The second (sound) film of 1935 is much more interesting, not least because, though he's forty years older, it preserves the voice of the world's first Watson. You can watch the film here:




"And so, as Tiny Tim said, 'A Merry Christmas to us all; God bless us, every one!" 

© Ray Wilcockson (2015) All Rights Reserved

Wednesday, November 25, 2015

10 pm. 25 November 1893 - Enter: Sherlock Holmes.

122 years ago to the hour of this post, Charles Brookfield walked onto the stage of London's Royal Court Theatre and into history as the first actor to play Sherlock Holmes. He was 36 and is pictured above (bearded) with the world's first Doctor Watson, 22 year old Seymour Hicks, in "The Sketch" which interviewed the pair in their dressing room on December 20.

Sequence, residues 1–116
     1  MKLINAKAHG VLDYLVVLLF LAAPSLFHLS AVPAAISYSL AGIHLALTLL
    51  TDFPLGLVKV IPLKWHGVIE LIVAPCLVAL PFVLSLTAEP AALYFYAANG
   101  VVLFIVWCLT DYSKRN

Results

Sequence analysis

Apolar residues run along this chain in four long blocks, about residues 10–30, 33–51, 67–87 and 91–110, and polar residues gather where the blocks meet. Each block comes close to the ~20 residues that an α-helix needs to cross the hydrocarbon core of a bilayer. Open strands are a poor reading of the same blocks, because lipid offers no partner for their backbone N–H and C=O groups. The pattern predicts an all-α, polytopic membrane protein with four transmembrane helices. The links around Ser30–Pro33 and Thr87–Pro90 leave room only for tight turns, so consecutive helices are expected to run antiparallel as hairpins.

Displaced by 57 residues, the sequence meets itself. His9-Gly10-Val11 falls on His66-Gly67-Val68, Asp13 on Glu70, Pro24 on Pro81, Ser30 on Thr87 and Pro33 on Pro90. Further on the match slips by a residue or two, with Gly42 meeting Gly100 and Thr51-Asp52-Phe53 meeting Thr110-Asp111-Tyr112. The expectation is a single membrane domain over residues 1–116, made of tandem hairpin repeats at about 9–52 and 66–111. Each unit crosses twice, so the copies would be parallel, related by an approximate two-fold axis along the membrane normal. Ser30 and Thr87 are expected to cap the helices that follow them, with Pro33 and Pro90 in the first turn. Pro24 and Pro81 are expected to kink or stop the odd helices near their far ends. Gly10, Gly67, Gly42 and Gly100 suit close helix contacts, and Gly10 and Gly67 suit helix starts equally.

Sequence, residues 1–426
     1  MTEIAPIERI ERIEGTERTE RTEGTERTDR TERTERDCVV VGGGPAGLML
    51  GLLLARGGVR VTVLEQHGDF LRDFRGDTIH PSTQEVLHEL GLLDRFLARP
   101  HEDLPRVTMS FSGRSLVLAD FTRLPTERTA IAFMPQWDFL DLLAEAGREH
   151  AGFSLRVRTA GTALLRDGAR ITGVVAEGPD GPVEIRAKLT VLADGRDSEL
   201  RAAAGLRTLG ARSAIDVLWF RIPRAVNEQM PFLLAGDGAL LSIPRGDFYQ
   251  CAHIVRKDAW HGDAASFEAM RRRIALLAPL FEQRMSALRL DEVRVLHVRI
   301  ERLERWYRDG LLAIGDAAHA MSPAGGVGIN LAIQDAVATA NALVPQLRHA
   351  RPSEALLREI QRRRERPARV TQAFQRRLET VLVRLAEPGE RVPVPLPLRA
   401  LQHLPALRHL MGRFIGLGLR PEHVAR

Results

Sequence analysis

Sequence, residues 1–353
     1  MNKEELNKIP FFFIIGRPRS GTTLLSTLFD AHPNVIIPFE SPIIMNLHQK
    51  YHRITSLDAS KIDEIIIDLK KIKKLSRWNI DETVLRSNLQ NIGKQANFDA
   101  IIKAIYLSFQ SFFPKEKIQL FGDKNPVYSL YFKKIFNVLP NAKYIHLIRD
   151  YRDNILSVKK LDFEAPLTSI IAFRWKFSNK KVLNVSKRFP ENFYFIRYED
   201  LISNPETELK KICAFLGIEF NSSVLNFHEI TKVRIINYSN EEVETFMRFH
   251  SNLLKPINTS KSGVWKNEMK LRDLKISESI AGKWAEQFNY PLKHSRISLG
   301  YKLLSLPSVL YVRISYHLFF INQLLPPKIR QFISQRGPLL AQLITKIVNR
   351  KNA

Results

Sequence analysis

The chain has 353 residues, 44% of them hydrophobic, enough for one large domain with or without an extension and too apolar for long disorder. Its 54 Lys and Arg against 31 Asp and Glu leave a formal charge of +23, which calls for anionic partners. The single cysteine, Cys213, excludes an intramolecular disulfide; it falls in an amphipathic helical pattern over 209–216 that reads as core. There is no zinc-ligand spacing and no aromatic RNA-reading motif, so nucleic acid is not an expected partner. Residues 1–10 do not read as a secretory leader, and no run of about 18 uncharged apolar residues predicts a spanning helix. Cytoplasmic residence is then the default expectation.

At 10 "Under the Clock" (an extravaganza in one act).

Having recently acquired a programme dated that first night and original page of the interview, it seemed fitting to share these rarely seen items on this anniversary. I have also appended a few notes and links for further reading.


Still the same Royal Court today.

The Programme.
It consists of one thin sheet folded once to make four pages each 10" x 7 1/2".

Here is a close-up of "Under the Clock" cast list:
The Supporting Cast.
Lottie Venne, who played Hannah, a maid of all work, is the best known and well documented on the net. Her ability to deliver the most outrageous lines while remaining a picture of innocence was ideal for the occasion.

Robert Nainby (1869-1948) was an Irish comedian and actor who later made a career in films.
William Wyes was similarly a comic actor - here shown playing a farmer in 1894.
I know nothing of the Foresters but Harry Paulo was a very famous clown who died aged 77 in 1925.